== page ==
The Lost Boys. Jung’s (1934/1968) archetype of darkness is said to embody absolute evil and is well represented in cinematic horror. cultural. George Romero has used horror to poignantly critique American society with the zombies in his 1968 Night of the Living Dead representing dead American servicemen in Vietnam and his 1978 Dawn of the Dead exploring the folly of American consumerism. Danger. Interest can be sparked in a variety of different ways but relevance is one of the more common avenues by which interest in a film is established. avoiding dark places where predatory animals may hide.g. attempting to understand that which is presently unknown. and death are two additional universal fears that work their way into horror pictures. From a purely evolutionary standpoint. The universal relevance of a film is the degree to which it touches on the ubiquitous aspects of fear and terror. 2000). 1992). The creature features of the 1950s.Relevance For a movie to be watched. while the AIDS epidemic of the late 1980s gave rise to a renewed interest in vampires (e. Them! (1954) and Godzilla (1954) being but two examples. The dysfunctional American family became a popular target for horror films of the late 1980s as exemplified by The Stepfather series (1987.. and personal. According to many psychoanalytic thinkers. Cultural and historical fears may be as paramount to the popularity of horror films as universal fears. and finding ways to postpone death have survival value and may have been passed onto future generations through an evolutionary process. subgroup. reflected world-wide concern over the proliferation of nuclear weapons. 1989. Societal concern theory highlights the role of cultural and historical fears in the development of horror movie scripts (Wells. it must first generate interest among potential viewers. . and death. Based on Skal’s (1993) societal concern model of horror picture appeal. we can see that horror movies in the United Stateshave reflected a number of cultural changes and historical events. The relevance of horror movies is oftentimes less obvious than it is for other genres and exists on four different levels: universal. universal fears make a horror film more relevant. danger. as symbolized by the unknown. 1987). as they apply to the themes of darkness.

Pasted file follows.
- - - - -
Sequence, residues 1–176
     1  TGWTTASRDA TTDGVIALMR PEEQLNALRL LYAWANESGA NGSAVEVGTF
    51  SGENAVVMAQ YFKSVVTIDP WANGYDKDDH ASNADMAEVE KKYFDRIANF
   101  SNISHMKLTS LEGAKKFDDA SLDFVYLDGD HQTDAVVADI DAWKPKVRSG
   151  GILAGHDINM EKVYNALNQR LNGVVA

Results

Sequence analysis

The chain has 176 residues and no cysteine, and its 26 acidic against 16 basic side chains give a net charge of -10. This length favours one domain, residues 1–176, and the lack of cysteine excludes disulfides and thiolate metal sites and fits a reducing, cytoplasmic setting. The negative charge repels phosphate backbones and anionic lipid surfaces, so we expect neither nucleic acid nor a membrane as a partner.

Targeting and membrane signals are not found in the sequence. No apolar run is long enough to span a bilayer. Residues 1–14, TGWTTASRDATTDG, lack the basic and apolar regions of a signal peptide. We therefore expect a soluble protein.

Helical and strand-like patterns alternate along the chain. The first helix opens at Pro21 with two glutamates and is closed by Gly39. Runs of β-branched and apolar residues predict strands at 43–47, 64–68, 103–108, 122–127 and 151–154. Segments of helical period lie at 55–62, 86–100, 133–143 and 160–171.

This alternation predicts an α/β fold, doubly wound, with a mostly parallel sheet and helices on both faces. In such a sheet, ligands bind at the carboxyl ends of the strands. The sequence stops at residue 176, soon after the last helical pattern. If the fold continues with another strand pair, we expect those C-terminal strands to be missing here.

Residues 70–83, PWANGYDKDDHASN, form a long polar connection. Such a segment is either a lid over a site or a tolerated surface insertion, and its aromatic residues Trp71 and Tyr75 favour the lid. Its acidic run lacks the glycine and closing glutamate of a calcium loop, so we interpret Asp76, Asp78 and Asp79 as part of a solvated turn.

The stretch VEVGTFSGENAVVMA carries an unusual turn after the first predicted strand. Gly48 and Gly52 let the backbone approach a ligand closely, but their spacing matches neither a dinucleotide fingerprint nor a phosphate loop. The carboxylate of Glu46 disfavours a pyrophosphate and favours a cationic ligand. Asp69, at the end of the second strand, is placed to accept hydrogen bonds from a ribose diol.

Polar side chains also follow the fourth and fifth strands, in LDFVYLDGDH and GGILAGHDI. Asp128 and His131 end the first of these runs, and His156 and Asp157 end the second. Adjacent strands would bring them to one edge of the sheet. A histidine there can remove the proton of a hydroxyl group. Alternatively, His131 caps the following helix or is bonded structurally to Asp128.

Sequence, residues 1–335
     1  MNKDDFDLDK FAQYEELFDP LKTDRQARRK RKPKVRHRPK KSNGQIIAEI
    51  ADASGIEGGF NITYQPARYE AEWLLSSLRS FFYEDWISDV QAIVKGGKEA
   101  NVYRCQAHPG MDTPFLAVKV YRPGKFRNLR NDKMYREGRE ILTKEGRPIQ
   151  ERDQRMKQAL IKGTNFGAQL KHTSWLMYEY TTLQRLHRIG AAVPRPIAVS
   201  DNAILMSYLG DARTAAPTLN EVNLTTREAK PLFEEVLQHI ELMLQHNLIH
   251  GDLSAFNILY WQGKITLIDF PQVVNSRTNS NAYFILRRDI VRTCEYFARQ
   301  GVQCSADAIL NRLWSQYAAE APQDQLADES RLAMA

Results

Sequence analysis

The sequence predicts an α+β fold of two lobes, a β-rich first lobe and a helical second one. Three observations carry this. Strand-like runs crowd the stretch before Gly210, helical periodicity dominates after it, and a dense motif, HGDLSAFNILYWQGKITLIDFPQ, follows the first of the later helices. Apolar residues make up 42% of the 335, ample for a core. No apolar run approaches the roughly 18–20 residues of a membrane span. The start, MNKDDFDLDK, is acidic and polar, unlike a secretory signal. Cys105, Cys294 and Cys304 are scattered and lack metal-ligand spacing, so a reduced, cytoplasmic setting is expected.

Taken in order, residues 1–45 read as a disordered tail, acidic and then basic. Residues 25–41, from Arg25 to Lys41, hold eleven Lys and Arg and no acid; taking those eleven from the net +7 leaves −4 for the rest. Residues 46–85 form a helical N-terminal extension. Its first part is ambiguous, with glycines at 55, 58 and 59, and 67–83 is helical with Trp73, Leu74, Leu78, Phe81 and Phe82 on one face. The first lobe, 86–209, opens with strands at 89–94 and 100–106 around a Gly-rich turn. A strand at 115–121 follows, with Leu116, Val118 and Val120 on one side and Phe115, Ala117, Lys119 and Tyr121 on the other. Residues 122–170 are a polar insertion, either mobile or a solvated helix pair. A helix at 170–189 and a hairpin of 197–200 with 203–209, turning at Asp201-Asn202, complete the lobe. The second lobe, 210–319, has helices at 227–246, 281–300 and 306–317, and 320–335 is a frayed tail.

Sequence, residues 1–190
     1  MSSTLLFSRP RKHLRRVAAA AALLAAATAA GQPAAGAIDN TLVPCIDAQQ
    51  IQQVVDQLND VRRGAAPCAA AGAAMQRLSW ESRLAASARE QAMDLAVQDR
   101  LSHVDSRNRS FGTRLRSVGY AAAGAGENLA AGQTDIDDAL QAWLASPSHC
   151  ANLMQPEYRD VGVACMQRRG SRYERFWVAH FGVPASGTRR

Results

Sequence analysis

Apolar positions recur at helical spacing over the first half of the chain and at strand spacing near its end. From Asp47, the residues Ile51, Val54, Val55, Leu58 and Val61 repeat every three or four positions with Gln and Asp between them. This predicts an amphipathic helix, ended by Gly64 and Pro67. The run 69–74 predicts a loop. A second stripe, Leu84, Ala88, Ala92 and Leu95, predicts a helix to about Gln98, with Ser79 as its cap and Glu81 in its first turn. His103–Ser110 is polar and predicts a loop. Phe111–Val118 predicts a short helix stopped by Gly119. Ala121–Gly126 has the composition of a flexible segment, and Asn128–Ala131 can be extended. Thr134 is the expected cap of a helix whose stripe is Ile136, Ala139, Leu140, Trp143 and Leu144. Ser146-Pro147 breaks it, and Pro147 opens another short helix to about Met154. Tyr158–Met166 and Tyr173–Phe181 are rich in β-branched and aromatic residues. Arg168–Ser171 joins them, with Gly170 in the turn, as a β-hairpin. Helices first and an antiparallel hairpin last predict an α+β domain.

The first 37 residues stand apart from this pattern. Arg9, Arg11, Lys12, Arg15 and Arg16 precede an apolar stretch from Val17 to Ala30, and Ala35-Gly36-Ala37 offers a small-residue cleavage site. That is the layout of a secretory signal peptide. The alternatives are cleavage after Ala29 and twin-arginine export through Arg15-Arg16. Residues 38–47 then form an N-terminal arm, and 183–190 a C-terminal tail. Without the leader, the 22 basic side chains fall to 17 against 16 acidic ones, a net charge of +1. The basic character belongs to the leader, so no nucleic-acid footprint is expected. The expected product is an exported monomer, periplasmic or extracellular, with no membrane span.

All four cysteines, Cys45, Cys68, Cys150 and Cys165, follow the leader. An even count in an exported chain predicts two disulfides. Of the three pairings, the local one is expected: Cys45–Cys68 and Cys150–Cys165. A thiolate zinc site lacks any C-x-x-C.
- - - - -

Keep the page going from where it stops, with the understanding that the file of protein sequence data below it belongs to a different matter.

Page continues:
2002) or who possess strong sensation seeking tendencies (Tamborini & Stiff. Dispositional alignment theory holds that viewing pleasure is enhanced when the movie portrays people receiving punishment the viewer believes deserve punishment (Zillmann & Paulus. it would seem. cultural. The neighborhood setting. Movies in the horror genre that produce tension and incorporate universal. Unrealism . 1987) may find horror movies more relevant than those who are unconcerned about issues of control or who possess weak sensation seeking tendencies. also facilitates the subgroup and personal relevance of horror fiction. groups of horror fiction enthusiasts in America. Many horror films exploit juvenile fears since teenagers are presumed to be one of the larger.issues that are at the heart of many juvenile fears (Jarvis. 1993).Subgroup fears. Adolescent-relevant issues of independence and identity figure prominently in horror pictures. the punishment he or she receives as a consequence of this action is seen as warranted and adds to overall viewer satisfaction. Individuals concerned with losing control (Cavallaro. if a character enters an obviously haunted house. are a third way the relevance of horror movies can be enhanced. if not the largest. It is no coincidence that school serves as an important setting for many pictures in the slasher subgenre. 2001). particularly those involving developmental trends. School plays a significant role in the everyday lives of teenagers in that it establishes a context within which students can compare themselves to their peers on criteria of success and failure both socially and academically -. as epitomized by Nightmare on Elm Street (1984). subgroup. making them particularly attractive to teenagers. and personal fear themes hold greater psychological appeal than horror films possessing low levels of tension and relevance. Wells (2000) writes that the fear experienced by a viewer in response to watching a horror film is directly proportional to the viewer’s level of sympathy for and identification with the protagonist. Gender role identity theory. has a great deal to say about the relevance of the horror genre to adolescent consumers. Hence. movies which are made with teenage audiences in mind. Relevance can also exist on a personal level.